You know, I still remember the day the phone call came through. We Were sitting upstairs as a family in the tv room in our house in Victoria, I was 15. "Hello Shel, this is the General Manager of the Edmonton Brickmen in the Canadian Soccer League and I would like to talk with you about playing for our team!" I am pretty sure that I almost fell over backwards, as this is something that I had dreamed about for years- the opportunity to play professional soccer. Which also meant moving away from home at the age of 16 years.
The first stages of my time with the team included staying with a 30+ year old Brazilian player in a one bedroom apartment while the team was away on a road trip. Since I was still in junior high, I had to wait to finish school for the year until I could make my way to Edmonton. After a couple of weeks of living on my own the team was kind enough to relocate me to live with Ross Ongaro, who was a former professional in the NASL with the Edmonton Drillers and finishing his career with the Brickmen. It was a much more suitable living arrangement, as I now had the benefit of living full-time with a former pro and his family. There was also another well travelled professional living with the Ongaro family by the name of Tony Peznecker. This would be the beginning of some invaluable mentorring, as during the season I became very close with John Baretta, who was a goalkeeper for the Brickmen with NASL experience. He treated me like a son, we would golf together, laugh together, train together and most importantly he provided guidance and security in a professional environment. The training was demanding and intense. It was a tremendous challenge each and everyday to train and compete with both the level of play and physical standard of the much older and experienced players. But it was so rewarding.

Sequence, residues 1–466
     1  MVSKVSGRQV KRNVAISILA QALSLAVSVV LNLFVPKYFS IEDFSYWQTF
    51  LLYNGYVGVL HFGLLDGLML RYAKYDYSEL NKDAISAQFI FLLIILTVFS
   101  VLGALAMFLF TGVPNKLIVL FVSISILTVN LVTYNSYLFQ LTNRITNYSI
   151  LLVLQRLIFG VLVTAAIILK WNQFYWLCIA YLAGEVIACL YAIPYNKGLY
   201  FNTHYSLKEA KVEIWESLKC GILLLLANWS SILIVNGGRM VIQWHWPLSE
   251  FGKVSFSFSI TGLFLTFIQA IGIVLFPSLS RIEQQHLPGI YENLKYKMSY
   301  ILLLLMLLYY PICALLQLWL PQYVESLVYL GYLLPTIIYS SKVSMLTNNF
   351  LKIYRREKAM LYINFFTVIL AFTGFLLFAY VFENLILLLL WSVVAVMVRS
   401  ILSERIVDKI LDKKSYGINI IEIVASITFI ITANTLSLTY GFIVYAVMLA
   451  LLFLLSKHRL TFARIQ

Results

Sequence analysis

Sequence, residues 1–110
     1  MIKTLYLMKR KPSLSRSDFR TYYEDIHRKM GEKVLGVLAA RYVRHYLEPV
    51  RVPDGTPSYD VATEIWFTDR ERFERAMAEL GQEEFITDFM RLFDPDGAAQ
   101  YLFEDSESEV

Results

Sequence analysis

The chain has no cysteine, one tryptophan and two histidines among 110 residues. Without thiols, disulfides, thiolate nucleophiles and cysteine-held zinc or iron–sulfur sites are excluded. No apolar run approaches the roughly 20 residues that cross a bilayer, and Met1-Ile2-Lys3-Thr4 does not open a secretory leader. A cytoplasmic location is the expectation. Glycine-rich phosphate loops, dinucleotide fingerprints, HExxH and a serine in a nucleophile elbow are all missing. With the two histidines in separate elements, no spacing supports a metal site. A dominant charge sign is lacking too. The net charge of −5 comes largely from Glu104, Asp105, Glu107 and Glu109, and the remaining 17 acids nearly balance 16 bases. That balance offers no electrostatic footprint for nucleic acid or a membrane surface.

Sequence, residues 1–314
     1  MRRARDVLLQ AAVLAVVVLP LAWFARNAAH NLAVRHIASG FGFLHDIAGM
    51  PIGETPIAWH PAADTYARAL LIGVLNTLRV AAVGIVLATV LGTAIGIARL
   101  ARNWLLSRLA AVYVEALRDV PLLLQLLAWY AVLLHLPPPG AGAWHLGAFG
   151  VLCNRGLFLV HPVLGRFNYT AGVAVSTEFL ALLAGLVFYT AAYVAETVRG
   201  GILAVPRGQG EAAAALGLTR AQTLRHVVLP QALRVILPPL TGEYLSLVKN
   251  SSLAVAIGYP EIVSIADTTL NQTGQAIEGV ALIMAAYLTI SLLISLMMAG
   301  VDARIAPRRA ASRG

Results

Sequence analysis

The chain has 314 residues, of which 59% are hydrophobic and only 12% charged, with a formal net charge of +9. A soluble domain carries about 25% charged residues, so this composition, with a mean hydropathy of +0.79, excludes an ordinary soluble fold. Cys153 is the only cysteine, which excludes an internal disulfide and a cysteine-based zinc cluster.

The team played in Clarke Stadium, which would eventually play a massive role in my coaching career with the Women's National Team Program. Fast forward to 2002 for the FIFA U19 Youth World Championships, as this is where we trained when we were based in Edmonton and played games at Commenwealth Stadium. Back to the Brickmen. I still remember the bright yellow or gold umbro shorts and training gear that we used to wear. Funny thing, I have always kept a lot of the training gear from my travels, however, since this was now 30 years ago I am afraid that I do not have anything from the Brickmen days. During the season, there was a tornado which ran through the city, destroying anything and everything that it came into contact with. I do remember the day Tony and I were witting and watching tv when all of a sudden in the middle of the day a storm rolled in. It became very dark outside and then started to hail. As we were keeping an eye on the tv and the change in the weather we noticed the size of the hail increasing and strong winds. So we turned on the radio. It was a full-blown tornando! There were people on the radio screaming as they explained the damage that had been done to their homes and community. It was scary. I have never seen so much rain fall in such a short period of time nor hail fall from the sky the size of golf balls.